Almost as much as getting in the cage and fighting, getting our professional fighter`s license was something we were all eager and anxious to do. To actually get in the cage and fight, an awful lot of stars need to align. You need to avoid injury, get signed by a promotion, get an opponent, have your opponent avoid injury, pass countless medical exams, avoid illness, and then make weight. Considering the violent and taxing nature of the training, it is a wonder any professional fighter ever makes it to the cage. But, if we could at least prove to the combat sports authority that we had done the work and had learned enough to pass the assessment and get licensed, than in some sense we could say we had done what we had set out to do. With the training behind us and the professional fighter`s license in hand, the actual fight would just be the cherry on top of the cake.
As the Combat Authority evaluators entered the gym, I was at the same time anxious and confident. If nothing else, I felt I had done just about everything I could do to prepare for this test. There was almost a sense of relief that my fate was now out of my hands. We started with randori style grappling with one person playing the aggressor and the training partner the defender. I`m sure didn’t get any style points from the blue belts and purple belts watching, but I felt I had no trouble improving position, passing guard, maintaining top control and transitioning between several chokes and locks. I don`t mind admitting, I felt pretty damn good by the time we`d finished the grappling portion of the assessment. The stand-up portion of the assessment consisted mainly of bag work. No sweat… or so I thought.
I started working the bag, alternating between single punches and kicks, on to combinations, even throwing in some knee strikes and elbows. I thought I was doing great for a guy who could barely throw a punch or kick less than a year ago. The commissioners were not impressed. At one point, commissioner Hubert Earl, called me over. I could tell immediately by his demeanor that he was not liking what he was seeing. When he asked me, “Do you have any killer instinct in you at all?” I actually felt like I was going to throw up. Even worse, I felt like my heart was going to beat its way out of my chest. I’d had Peter preaching to me for months that I couldn’t find my killer instinct, that I wasn’t showing him that I had what it took to be a fighter. So this should not have come as such a surprise. But, to have an independent assessor, walk in off the street and make the same observation after watching me train for less than 10 minutes was heart breaking. In a flash I saw my fighting life flash before my eyes. I was almost certain they were not going to give me my license. As we waited for them to complete their assessments, I sat silently in the corner, not speaking to a single person. Not since the sauna, 5 months before, had I felt such an overwhelming sense of panic and dread. It took every ounce of self control not to run from the gym screaming and crying like a kid having a tantrum. I was embarrassed and frustrated beyond words. I felt that everything I’d gone through in the past nine months had been for nothing. And worst of all, as I saw the horrible possibility that my journey was over looming before me, I felt I had let Peter down.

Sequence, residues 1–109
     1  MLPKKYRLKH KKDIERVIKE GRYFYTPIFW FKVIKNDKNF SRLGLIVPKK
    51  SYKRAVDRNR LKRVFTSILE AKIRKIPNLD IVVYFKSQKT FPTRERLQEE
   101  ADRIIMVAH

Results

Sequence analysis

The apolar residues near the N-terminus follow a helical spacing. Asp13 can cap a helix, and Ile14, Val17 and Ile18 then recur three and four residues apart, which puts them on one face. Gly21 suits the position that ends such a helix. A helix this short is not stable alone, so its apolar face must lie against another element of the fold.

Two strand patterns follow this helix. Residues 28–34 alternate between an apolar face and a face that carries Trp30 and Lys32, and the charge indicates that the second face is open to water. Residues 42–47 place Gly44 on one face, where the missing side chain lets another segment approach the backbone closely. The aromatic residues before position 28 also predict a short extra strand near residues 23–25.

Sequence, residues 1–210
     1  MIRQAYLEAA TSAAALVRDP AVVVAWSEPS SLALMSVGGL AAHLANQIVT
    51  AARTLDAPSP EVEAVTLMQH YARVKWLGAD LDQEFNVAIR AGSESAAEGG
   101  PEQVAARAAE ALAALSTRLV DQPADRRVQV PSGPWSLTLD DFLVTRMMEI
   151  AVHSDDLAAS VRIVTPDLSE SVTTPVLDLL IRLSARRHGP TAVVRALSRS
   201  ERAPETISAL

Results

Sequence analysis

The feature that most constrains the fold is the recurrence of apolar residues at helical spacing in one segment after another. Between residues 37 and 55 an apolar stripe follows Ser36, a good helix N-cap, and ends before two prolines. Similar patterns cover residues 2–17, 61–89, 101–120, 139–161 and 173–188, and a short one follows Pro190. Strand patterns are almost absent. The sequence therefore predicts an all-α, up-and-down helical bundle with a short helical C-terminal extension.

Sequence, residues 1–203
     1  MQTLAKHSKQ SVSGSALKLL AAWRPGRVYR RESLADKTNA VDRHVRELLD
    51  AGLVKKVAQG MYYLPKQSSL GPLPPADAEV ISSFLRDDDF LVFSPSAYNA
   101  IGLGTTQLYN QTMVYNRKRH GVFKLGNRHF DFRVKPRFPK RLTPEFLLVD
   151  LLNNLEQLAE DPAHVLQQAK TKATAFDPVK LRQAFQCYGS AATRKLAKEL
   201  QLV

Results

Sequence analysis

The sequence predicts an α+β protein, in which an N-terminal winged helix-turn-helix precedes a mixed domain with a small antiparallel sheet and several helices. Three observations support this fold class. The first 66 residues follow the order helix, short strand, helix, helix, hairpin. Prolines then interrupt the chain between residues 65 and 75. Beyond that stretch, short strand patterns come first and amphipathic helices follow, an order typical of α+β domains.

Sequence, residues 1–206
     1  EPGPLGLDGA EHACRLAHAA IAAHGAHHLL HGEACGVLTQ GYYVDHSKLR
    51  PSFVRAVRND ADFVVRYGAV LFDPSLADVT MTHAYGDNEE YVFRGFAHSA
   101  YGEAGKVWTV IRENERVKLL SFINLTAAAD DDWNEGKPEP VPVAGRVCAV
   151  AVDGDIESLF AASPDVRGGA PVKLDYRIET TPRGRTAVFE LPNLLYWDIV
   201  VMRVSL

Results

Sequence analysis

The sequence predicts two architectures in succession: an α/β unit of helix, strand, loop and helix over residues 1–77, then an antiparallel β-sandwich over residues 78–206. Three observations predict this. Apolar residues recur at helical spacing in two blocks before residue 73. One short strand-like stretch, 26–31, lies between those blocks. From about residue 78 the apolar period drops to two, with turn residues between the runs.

When the moment of truth came and the commissioner stood before us, giving us the cautionary speech about how dangerous the sport was, reminding us that the risks of serious injury were so great, I could barely hear a word over the roaring inside my head. When he gave me a reluctant smile and handed me the signed application form, I could hardly process what was happening. I finally came to my senses when I saw everyone exchanging handshakes, back slaps, and hugs. I couldn’t believe that all 10 of us had passed muster and were now licensed to fight in the province of Nova Scotia.
This should have been a night to celebrate. I should have been on top of the world. But, I don’t think I have ever felt so wretched. I did manage to put on a brave face long enough to congratulate my teammates and chat briefly with Peter. But I wanted nothing more than to get out of the gym. I was so angry and frustrated with myself that I thought I was going to explode. I am not the kind of person who has ever been accused of having a tempter (maybe that was a lot of my problem), but that night as I stormed out of the TITANS gym I was in a fury.
How I didn’t get a ticket for speeding or reckless driving on the drive home is beyond me. I pulled into the drive way, yanked my gear out of the back of the car and marched straight into my shed. In the glow of the street light across the cul de sac, I hung a small 25 pound punching bag from the rafters. I threw on a pair of bag gloves and started hitting the bag with every ounce of force I could muster. Normally diligent to punch and move as the coaches instructed, always focusing on technique, tonight I through all technique out the window and I attacked the bag with nothing but pure unadulterated rage. By the time I’d exhausted myself, the floor of the shed as covered in paint cans and boxes of nails and screws that had been shaken off the shelves. My shoulder was absolutely killing me and my knuckles were ripped to bloody shreds. While I went to bed physically exhausted, my thoughts were whipping around my head in some sort of rage fueled hurricane.
When I awoke the next morning the storm was still raging.